Being brave through site-specific choreography on Market Street
HAIRY EYEBALL Weaving my way through the groups of slower moving shoppers and tourists ambling out of the Powell Street BART Station, I realized I was already too late.
I had wanted to be present for the June 11 noon kickoff of Market Day — the large-scale public art event tied to Allison Smith's current Southern Exposure exhibit "The Cries of San Francisco" — but when I reached Mint Plaza and had been handed a schedule I saw that my timing had been off by an hour.
Oh well. The point of Market Day wasn't to necessarily be at a certain place at a certain hour to see a certain something. The "something" was supposedly happening all around me. The nearly 70 Bay Area artists, performers, and craftspeople Smith had gathered for this ambitious public art project had dispersed throughout Mint Plaza, and up and down Market Street between Fifth and Third streets, to peddle their wares (many homemade), offer more ineffable "services" (such as owning the expletive of your choice or telling you a story), or to simply "perform" in "character."
The criers were to be like tiny pebbles subtly altering the fast-moving watercourse of weekend foot traffic. Granted, participation is hard to measure for something like "The Cries of San Francisco," but wherever I turned, people seemed engaged even if the number of folks documenting a given artist seemed to greatly outnumber the members of the public they were interacting with.
I decided I needed a little more intimacy if I was to get my feet wet. I started back toward Market and ran into a woman dressed in steampunk-ish attire. Her name was Jamie Venci, a.k.a. the Questing Choreographer (each participating artist conveniently had a large nametag). She offered me an informative pamphlet about one of three historic buildings in the vicinity that had survived the 1906 earthquake if I promised to carry out the site-specific choreography contained within.
I agreed, and for convenience's sake, I went with the Mint Building. Not five minutes later, I was on the steps of "the Granite Lady" attempting to convey the shape of its crenellated outline with my arms — per a step in Venci's cutely drawn instructions — in what must have looked like a particularly inept approximation of tai chi.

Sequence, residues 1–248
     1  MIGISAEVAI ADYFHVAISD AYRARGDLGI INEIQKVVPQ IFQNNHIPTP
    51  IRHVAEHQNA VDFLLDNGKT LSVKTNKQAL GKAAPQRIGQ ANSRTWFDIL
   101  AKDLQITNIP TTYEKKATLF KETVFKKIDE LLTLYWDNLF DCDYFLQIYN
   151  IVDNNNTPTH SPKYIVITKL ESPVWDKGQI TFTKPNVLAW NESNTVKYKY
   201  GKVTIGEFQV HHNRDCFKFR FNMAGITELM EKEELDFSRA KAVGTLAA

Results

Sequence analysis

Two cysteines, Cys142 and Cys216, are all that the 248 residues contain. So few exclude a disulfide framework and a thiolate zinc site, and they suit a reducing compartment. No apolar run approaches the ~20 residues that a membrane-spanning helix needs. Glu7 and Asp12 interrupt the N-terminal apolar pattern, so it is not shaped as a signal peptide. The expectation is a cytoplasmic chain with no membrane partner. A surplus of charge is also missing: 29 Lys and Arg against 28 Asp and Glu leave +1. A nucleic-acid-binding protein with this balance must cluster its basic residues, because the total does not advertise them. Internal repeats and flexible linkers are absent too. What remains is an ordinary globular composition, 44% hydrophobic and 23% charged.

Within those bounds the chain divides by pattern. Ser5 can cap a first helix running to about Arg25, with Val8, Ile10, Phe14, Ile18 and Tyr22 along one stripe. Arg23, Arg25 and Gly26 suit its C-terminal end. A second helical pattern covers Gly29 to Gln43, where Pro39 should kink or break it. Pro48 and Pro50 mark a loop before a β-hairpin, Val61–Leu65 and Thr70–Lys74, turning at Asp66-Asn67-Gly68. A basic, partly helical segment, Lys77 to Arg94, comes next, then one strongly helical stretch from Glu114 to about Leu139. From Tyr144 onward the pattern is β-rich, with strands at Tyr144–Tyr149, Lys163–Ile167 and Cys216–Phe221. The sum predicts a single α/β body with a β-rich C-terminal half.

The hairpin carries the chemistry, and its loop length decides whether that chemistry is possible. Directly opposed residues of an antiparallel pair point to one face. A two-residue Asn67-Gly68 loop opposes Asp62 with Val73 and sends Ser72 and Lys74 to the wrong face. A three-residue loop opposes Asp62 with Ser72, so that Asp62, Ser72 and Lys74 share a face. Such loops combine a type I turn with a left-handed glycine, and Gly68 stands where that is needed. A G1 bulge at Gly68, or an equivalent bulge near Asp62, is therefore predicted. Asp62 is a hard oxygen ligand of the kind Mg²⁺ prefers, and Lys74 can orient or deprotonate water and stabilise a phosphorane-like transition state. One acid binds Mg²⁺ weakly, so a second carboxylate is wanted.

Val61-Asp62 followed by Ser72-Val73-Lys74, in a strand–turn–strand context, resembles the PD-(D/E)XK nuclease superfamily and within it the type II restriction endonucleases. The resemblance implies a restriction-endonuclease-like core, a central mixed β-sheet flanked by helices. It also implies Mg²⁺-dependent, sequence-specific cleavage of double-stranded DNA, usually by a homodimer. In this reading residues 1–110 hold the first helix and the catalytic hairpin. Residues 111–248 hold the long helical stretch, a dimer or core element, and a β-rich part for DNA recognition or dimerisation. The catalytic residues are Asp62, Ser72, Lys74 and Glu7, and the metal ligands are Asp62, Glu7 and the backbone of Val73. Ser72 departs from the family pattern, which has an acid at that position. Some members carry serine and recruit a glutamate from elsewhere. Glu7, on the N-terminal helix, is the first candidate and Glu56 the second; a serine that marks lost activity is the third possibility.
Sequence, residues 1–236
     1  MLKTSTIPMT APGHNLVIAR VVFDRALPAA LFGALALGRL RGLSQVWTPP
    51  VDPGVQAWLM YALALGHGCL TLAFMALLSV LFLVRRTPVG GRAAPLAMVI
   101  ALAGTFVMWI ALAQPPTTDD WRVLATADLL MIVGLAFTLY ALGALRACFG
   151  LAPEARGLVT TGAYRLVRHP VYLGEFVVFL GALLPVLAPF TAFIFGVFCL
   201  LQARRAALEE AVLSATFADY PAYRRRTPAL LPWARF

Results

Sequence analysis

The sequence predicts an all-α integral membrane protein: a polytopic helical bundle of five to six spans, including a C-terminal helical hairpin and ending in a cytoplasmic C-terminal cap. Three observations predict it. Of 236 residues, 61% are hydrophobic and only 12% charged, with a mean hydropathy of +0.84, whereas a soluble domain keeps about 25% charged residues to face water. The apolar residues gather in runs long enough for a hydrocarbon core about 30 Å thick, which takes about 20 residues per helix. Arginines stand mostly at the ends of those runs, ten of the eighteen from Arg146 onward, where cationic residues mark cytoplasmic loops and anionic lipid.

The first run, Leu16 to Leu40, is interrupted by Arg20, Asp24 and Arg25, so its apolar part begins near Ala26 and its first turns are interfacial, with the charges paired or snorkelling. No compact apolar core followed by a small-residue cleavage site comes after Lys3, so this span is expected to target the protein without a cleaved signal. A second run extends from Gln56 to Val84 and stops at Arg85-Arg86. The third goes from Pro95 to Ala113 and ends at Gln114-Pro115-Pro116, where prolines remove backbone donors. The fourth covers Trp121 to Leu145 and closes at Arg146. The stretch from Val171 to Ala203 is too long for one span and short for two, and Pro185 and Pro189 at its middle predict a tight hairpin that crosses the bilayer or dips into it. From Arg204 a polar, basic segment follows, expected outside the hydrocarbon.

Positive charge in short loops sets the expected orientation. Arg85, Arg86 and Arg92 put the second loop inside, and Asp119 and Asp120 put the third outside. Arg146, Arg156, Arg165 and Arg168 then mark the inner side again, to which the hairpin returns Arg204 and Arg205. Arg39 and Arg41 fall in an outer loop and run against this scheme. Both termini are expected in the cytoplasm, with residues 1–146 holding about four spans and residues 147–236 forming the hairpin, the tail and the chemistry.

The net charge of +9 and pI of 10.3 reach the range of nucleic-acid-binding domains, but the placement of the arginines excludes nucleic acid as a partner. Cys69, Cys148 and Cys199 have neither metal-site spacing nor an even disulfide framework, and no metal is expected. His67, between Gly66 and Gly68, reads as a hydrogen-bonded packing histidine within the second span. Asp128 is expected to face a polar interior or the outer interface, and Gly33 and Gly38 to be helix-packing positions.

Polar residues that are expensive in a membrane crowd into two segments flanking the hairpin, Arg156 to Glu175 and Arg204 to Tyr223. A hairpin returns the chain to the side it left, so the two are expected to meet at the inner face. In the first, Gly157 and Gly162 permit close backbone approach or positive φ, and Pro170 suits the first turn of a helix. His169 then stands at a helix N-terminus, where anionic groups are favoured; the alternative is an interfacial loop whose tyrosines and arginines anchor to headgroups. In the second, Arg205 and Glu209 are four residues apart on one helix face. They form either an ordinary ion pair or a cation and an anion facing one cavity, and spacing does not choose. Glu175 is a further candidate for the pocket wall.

Conceptual art requires a suspension of disbelief on the part of its audience. I was not merely being ridiculous in public, but was publicly enacting a new relationship to a space I had not really considered too closely before. I, as much as Venci, was the Questing Choreographer, and together we had collaborated on a piece.
The satisfaction I took in my demonstration of good faith was fleeting, as questions took over. What had passersby thought about what I was doing? And how could they really have anything to think about without some context for my undertaking? If a person dresses up in a colorful manner in San Francisco and carries on in public does anyone raise an eyebrow, let alone pause to consider the host of artistic and economic concerns that "The Cries of San Francisco" aimed to bring to the streets?
Materials for the event cited Mohamed Bouazizi, the Tunisian street vendor who set himself on fire to protest police harassment, as well as Carol Reed's 1968 film version of the musical Oliver! as representational precedents. But despite the presence of Art for a Democratic Society's Class War Store cart full o' Marxism, the tenor of many of the criers was more playful than revolutionary. Whimsy was the order of the day.
Ha Ha La (Nathaniel Parsons) pushed around an "amusement park," a steep ladder that participants would gingerly climb up and down while Parsons bellowed a New Age-y chant affirming their bravery and blessedness through a conch shell. After I took my turn on the rickety structure, I chose a souvenir badge that read, "You don't have to behave you just gotta be brave."